Society awards provide visibility and national recognition for physicians. Several studies have found that women were underrepresented as award recipients when compared with subspecialty workforce data. However, to our knowledge no studies have examined the gender distribution of award recipients in orthopaedic societies. Orthopaedic surgery remains among the least gender-diverse specialties in medicine. Particularly in academic practice, the increasing paucity of women with progressive rank may reflect unequal access to the currency for promotion, including national reputation and visibility. Therefore, information on orthopaedic awarding practices may help to identify and address challenges associated with recruiting, retaining, and promoting women in orthopaedics.
(1) Since the year 2000, have women orthopaedic surgeons received awards in proportion to their society membership? (2) Are the awards granted to women equally distributed across the categories of leadership, humanitarianism, education, scientific investigation, resident/fellow scientific investigation, and diversity? (3) Does the gender distribution of award recipients differ for awards bestowed through a blinded process versus an unblinded process?
Eighteen national, clinically focused orthopaedic societies in the United States were included. These societies offer a combined total of 69 awards; each award was studied from its earliest record through December 2018, resulting in a study period from 1973 to 2018. Each society provided the gender demographics of their membership in 2018. The proportion of women award recipients from 2000 to 2018 was compared with the proportion of women members in 2018 for each society. Awards were also categorized based on the six types of accomplishment they recognized (leadership, humanitarianism, education, scientific investigation, resident/fellow scientific investigation, and diversity), and whether they were granted through a blinded or unblinded selection process. Chi-square tests were used to compare the proportion of women receiving awards in various categories, and to compare the proportion of women who received awards through blinded selection processes versus unblinded selection processes.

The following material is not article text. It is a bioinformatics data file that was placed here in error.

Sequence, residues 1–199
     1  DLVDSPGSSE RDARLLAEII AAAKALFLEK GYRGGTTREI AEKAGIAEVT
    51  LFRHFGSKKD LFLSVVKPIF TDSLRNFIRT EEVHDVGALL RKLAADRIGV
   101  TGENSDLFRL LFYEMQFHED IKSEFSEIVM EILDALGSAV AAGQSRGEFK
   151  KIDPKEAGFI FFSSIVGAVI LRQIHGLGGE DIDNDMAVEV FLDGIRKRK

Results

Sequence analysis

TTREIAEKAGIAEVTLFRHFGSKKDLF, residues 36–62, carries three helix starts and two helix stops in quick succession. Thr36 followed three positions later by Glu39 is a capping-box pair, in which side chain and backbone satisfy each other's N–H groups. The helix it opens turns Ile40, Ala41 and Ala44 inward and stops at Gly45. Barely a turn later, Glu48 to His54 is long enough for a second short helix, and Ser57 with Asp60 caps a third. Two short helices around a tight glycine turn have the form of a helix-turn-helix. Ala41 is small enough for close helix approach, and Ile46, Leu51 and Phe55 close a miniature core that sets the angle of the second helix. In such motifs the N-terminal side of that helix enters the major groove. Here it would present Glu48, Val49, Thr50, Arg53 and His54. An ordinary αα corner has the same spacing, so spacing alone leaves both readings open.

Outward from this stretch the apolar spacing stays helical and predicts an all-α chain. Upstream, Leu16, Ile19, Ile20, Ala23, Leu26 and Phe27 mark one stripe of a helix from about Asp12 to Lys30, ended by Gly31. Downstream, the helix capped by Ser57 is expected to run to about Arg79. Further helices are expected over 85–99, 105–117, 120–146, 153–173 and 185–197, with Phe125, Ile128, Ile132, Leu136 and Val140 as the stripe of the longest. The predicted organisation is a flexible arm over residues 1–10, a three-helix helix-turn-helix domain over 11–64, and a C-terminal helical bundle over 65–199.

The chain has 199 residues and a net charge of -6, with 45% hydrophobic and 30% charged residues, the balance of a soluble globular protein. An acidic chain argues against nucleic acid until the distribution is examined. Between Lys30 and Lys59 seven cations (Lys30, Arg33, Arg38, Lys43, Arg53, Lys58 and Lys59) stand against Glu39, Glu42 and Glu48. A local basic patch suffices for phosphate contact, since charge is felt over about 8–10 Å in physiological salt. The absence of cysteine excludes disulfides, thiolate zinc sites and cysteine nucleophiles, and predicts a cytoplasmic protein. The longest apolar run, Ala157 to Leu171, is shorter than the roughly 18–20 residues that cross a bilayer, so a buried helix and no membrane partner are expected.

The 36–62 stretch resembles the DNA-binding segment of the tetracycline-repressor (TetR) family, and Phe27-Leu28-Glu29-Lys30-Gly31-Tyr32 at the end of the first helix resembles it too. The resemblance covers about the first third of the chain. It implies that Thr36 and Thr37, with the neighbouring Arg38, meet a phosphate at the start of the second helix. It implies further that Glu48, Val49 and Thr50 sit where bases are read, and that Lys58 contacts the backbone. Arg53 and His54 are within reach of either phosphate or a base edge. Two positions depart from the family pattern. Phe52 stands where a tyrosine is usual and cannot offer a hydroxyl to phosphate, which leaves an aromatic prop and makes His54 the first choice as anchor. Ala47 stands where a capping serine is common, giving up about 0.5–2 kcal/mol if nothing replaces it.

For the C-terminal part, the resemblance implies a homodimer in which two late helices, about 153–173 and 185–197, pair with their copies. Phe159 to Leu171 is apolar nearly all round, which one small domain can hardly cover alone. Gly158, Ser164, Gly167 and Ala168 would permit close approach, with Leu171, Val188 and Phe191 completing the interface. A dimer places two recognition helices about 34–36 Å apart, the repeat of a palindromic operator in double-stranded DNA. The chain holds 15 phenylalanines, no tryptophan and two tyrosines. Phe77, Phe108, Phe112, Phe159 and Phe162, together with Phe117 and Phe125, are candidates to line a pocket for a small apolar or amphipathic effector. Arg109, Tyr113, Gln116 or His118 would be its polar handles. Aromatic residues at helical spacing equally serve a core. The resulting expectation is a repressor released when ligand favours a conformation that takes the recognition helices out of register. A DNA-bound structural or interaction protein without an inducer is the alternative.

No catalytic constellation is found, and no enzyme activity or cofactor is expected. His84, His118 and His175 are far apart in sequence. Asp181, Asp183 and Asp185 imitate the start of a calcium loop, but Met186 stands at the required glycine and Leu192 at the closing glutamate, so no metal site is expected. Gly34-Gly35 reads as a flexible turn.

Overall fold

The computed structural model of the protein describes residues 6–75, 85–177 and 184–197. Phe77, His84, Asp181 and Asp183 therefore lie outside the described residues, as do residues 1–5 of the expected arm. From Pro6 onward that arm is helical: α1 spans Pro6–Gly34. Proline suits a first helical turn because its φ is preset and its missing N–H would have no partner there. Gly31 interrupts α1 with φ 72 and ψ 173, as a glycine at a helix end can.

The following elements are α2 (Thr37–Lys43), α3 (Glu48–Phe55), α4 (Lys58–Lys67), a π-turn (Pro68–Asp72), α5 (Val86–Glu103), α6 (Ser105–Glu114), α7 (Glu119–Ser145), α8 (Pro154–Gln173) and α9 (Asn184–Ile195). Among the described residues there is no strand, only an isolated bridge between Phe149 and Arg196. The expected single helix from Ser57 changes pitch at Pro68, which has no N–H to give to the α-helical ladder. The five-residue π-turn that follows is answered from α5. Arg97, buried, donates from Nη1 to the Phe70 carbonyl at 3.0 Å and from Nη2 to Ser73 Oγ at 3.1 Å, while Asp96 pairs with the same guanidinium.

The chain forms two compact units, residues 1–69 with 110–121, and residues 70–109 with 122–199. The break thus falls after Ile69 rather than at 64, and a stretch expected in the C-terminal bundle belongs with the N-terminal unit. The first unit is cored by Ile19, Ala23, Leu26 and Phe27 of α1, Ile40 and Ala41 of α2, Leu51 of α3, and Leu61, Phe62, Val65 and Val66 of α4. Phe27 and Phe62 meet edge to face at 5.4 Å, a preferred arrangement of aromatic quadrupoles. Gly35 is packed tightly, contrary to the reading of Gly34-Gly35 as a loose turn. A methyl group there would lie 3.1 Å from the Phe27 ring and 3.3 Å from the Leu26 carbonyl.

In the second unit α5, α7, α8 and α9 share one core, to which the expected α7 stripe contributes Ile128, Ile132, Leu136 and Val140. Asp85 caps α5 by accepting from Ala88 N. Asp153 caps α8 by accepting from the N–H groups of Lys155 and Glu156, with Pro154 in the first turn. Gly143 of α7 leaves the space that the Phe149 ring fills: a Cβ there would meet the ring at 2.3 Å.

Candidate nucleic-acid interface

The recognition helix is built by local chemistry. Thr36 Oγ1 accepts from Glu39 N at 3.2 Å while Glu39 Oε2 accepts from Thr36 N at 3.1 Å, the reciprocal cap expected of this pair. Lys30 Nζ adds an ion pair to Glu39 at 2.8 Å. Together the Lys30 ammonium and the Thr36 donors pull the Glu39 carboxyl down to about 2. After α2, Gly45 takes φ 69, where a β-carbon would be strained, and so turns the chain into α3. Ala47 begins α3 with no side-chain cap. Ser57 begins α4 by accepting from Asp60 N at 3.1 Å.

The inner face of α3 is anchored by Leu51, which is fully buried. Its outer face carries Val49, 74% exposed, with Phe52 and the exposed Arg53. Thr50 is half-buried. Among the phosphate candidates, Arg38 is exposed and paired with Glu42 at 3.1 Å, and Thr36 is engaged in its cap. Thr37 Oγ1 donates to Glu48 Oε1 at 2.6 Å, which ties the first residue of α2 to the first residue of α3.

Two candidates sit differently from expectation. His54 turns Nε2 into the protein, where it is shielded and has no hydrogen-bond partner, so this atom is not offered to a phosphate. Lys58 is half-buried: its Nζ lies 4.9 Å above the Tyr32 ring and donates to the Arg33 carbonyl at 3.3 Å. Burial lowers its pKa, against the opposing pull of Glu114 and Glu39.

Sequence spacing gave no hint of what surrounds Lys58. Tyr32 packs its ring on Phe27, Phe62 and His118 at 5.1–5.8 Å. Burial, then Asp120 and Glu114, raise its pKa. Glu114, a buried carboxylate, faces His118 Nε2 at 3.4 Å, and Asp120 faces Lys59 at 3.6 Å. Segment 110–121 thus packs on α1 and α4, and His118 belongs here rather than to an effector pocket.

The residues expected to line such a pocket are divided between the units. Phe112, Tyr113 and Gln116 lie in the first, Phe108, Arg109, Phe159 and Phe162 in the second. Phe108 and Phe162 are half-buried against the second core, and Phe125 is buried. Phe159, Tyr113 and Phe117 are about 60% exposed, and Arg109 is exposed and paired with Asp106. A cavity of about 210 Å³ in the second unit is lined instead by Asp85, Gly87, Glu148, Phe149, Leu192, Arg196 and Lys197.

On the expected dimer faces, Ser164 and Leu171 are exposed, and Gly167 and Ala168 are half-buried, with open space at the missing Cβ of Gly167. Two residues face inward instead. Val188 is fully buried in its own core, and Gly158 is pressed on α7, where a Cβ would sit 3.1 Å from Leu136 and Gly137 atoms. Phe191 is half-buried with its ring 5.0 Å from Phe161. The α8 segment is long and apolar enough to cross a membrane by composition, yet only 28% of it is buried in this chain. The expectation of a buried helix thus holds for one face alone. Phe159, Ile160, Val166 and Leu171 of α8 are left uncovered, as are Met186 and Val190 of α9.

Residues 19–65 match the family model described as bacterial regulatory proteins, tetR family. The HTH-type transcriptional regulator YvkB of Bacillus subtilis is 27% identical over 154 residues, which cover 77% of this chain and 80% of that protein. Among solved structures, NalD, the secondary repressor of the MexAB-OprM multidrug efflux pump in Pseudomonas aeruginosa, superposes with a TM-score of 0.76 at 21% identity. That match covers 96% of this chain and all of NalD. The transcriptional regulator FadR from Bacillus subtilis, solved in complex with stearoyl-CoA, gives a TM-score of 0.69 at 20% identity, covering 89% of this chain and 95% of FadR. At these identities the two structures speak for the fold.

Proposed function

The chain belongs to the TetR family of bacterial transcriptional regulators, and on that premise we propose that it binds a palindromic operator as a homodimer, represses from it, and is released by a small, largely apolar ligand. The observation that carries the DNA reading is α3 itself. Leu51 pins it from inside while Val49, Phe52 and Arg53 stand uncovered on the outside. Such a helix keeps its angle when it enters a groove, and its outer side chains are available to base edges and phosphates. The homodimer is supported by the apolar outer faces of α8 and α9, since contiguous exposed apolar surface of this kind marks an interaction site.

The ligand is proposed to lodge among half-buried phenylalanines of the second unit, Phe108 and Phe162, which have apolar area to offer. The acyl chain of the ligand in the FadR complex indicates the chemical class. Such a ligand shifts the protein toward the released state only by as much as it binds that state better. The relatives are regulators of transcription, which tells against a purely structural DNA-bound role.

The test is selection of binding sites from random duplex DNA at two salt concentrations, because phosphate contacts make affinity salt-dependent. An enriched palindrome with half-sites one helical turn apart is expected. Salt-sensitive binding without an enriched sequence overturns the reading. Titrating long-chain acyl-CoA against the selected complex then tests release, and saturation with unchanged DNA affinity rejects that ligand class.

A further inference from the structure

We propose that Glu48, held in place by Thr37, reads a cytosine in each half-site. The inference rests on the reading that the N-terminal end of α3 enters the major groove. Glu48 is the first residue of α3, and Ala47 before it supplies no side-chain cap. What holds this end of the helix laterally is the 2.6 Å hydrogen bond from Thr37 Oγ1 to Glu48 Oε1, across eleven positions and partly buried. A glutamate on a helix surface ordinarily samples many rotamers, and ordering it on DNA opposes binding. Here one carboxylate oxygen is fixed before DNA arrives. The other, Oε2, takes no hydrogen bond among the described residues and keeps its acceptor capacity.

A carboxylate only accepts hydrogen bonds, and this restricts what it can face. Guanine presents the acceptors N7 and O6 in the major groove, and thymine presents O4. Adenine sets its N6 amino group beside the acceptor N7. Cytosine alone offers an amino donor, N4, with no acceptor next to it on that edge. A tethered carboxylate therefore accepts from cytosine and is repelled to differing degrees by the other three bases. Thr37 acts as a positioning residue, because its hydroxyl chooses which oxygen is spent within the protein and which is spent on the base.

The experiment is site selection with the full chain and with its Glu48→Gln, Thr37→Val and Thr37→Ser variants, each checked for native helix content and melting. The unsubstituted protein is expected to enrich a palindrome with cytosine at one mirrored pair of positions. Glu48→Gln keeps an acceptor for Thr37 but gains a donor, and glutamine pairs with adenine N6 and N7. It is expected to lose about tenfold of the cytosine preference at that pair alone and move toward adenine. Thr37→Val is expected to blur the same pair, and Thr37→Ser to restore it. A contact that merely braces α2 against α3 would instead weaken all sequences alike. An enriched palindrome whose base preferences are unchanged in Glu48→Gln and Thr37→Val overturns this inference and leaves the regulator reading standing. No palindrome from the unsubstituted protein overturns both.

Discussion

From 2000 to 2018, women received 8% (61 of 794) of all awards and represented 9% (5359 of 59,597) of all society members. Two societies had an underrepresentation of women award recipients compared with their society membership. We found that women were not represented proportionally across award categories. Women were more likely to receive a diversity award than a leadership award (odds ratio 12.0 [95% CI 3.1 to 45.7]; p < 0.001), and also more likely to receive an education award than a leadership award (OR 4.1 [95% CI 1.3 to 12.7]). From 1973 to 2018, 17 of 22 the leadership awards offered by societies have never been granted to a woman. Finally, women were more likely to receive awards bestowed through a blinded process than an unblinded process. Women earned 11% (30 of 285) of awards bestowed through a blinded award process and 6% (31 of 509) of awards bestowed through an unblinded award process (OR 1.8 [95% CI 1.1 to 3.1]; p = 0.03).
The percent of women award recipients was generally proportional to membership overall and in most societies. However, on a national workforce level, the proportion of women award recipients is lower than the proportion of women in academic orthopaedics, which has been reported by others to be about 13%, suggesting that women in academic orthopaedics may be underrepresented as award recipients. Additionally, women were less likely to receive leadership awards than awards of other types, which suggests that women are not being recognized as leaders in orthopaedics. Women were also more likely to receive awards granted through unblinded processes, which raises concern that there may be implicit bias in orthopaedic awarding practices.
We encourage societies to examine the inclusiveness of their awards selection processes and to track the demographic information of award recipients over time to measure progress toward equal representation. Creating standardized award criteria, including women on selection committees, requiring the consideration of diverse nominees, and implicit bias training for selection committees may help to reduce bias in awarding practices.